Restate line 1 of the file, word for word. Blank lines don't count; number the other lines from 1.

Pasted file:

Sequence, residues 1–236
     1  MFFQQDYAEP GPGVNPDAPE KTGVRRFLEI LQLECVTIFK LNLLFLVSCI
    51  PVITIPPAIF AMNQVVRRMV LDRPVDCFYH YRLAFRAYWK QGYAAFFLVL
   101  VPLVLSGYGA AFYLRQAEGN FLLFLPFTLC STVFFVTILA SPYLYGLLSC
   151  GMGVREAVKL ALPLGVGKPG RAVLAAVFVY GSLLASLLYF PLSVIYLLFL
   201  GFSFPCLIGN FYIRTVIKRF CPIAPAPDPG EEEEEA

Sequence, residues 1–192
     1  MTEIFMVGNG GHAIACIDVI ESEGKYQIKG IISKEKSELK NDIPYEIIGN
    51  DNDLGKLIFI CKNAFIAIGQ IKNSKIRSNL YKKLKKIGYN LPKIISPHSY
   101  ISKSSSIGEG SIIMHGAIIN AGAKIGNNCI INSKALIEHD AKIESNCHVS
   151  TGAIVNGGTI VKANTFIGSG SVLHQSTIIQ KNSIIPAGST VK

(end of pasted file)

Sequence, residues 1–236